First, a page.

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  • Writer's picturePercussion IQ

Don't Underestimate Paradiddles

It’s one of the most common rudiments written every year. It’s easy to learn and fun to play at faster tempos. Unfortunately, most students struggle keeping the taps even, the accents consistent, and the rhythm accurate. Let’s dive into what makes this rudiment so difficult to master and how to develop corrective measures to get better at the paradiddle and all it’s different iterations.Let’s break down the stock paradiddle. Begins with a right hand accent, then left hand tap, and then two right hand taps, and then repeats off the left hand. What a lot of people don’t realize is you have 3 of our basic strokes demonstrated when playing two paradiddles.

Down Stroke - The accented hand stops the stick motion to be ready to play the first tap on that same hand
Double Stroke - The same hand that played the accented downstroke must follow up with a low double stroke
Full Stroke - The same hand that played the double stroke moves with a full stroke motion to the first tap after the next accent

You can practice moving through these 3 strokes by playing one hand only. For example, if you are practicing 16th note paradiddle in a 4/4 time signature, the right hand will play: 1 +a, e  ,3 +a, e   There’s a down stroke from “1” to the “+”, then a double stroke on the “+ a”, and a  full stroke motion from the “a” to the “e”. The most common issues I have run into:

  • The student over squeezes the stick on the first down stroke, resulting in tight grip on the double stroke, causing the diddle rhythm to be too tight

  • The student rushes the full stroke motion from the “a” to the next “e” after the opposite hand accent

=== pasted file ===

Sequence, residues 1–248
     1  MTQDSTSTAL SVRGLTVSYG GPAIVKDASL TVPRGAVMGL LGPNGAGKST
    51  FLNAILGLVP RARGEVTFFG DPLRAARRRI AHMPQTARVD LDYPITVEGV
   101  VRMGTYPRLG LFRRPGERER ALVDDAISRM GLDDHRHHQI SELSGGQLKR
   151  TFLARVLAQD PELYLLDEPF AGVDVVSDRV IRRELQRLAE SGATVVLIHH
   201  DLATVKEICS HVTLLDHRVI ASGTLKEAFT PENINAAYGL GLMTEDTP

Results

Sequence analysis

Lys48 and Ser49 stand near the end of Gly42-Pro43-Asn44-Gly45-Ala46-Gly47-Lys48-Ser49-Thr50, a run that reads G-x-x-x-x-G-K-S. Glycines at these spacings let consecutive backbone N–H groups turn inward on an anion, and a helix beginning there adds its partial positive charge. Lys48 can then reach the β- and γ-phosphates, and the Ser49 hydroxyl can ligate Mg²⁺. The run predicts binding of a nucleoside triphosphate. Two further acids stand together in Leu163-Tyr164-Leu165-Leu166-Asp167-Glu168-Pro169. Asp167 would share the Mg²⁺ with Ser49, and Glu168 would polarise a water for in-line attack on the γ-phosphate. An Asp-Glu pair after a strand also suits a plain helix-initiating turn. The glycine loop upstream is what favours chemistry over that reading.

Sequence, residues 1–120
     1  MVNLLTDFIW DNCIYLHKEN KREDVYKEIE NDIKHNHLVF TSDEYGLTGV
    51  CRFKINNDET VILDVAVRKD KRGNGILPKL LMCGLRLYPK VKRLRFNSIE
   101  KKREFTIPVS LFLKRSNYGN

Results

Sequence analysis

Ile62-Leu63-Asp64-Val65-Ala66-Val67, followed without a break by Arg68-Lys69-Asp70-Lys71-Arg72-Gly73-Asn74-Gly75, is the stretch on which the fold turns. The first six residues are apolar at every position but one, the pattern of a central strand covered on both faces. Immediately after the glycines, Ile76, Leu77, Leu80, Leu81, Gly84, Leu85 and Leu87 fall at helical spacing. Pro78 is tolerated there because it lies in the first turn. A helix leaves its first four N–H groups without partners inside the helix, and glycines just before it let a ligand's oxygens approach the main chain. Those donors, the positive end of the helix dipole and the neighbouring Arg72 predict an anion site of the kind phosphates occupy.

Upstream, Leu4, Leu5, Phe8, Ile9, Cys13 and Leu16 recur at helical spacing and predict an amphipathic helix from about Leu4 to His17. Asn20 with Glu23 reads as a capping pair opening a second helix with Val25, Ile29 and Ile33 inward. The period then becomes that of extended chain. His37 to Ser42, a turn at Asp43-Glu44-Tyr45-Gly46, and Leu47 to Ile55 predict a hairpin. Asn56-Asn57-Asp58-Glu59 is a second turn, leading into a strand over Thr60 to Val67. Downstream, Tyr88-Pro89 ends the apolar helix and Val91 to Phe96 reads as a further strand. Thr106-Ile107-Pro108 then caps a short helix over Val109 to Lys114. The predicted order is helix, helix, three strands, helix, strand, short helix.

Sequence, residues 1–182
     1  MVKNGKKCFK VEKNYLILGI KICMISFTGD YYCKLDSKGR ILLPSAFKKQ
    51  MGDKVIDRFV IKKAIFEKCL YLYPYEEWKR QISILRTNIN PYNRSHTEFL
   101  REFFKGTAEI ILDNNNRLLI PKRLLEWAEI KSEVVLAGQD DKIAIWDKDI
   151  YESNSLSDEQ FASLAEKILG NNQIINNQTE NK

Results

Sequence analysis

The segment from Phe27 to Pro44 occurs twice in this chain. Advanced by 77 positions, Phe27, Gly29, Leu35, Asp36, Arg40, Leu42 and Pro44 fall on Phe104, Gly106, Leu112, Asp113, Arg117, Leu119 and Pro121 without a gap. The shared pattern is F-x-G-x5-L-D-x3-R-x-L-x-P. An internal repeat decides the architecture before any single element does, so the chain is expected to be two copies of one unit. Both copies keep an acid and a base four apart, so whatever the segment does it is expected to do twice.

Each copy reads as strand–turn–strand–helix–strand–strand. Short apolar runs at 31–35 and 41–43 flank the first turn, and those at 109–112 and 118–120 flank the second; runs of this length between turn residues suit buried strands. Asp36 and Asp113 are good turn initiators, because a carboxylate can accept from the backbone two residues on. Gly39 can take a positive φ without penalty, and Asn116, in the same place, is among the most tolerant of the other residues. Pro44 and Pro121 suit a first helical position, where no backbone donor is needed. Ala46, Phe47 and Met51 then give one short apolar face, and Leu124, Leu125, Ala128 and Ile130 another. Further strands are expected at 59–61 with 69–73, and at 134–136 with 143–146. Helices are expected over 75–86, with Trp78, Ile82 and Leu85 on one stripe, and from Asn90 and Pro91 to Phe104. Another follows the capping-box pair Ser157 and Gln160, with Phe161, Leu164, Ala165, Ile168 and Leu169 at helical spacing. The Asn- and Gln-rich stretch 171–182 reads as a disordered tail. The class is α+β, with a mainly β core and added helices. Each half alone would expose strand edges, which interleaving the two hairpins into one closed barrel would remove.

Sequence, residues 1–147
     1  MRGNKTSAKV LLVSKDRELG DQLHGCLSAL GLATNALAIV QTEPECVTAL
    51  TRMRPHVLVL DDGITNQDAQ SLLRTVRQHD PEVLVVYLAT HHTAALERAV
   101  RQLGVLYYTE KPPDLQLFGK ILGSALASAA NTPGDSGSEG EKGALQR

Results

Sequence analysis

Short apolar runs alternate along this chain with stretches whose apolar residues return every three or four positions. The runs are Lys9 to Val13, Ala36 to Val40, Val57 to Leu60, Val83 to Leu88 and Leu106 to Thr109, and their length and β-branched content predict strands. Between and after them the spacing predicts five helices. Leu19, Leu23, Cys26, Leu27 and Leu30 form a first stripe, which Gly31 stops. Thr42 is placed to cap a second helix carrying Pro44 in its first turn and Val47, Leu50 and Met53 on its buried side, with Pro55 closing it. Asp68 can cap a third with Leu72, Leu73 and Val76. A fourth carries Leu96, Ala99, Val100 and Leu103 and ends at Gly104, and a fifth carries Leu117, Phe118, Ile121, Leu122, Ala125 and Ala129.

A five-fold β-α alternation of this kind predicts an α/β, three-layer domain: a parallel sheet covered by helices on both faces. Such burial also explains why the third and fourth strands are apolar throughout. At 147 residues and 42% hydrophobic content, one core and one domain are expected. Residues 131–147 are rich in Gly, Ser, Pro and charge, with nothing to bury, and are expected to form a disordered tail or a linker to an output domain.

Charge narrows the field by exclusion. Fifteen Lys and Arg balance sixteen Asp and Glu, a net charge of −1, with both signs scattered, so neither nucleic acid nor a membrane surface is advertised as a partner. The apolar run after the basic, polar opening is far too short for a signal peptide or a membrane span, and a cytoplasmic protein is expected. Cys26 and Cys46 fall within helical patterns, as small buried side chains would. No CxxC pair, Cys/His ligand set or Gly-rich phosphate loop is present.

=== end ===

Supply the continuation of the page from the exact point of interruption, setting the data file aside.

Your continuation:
• The student keeps a closed grip after the “e” to the next accent motion, causing subsequent accents to be weak (usually a left hand issue, especially for snare drummers)

The multiple mechanics proves there’s a lot involved when mastering a paradiddles. Below are recommendations for breaking down the rudiment:

  1. One method that helped me (and applies to all rudiments) is mastering the isolated hand. Just playing a single hand break down allows the student to focus on the mechanic shifts between the different partials.

  2. A second method of breaking down paradiddles is mastering the motion removing 1 partial of the paradiddle. For example, don’t play the 2nd partial of the diddles (4th partial of the paradiddle)  to focus on the down stroke and full stroke motions. Then remove the 2nd partial of the paradiddle to focus on the down stroke and double stroke motions

  3. Play alternating singles with an accent on this first partial every 4 strokes. After drumming 16 partials, switch to 4 paradiddles at the same rhythm. Focus on consistent and even taps when transitioning to the paradiddle

  4. Practice paradiddles with no accents. Focus on even taps and minimal amount of pinching. Eventually add the accents on the paradiddle, but play barely higher than the taps. This will help the student reduce the amount of squeeze in the hand after each accent. Slowly increase the accent height.

Always master the rudiments at slower tempos, then work up the tempo. Be patient, mastering this rudiment is easier said than done. Let’s drum smart.

Author: Matthew Regua

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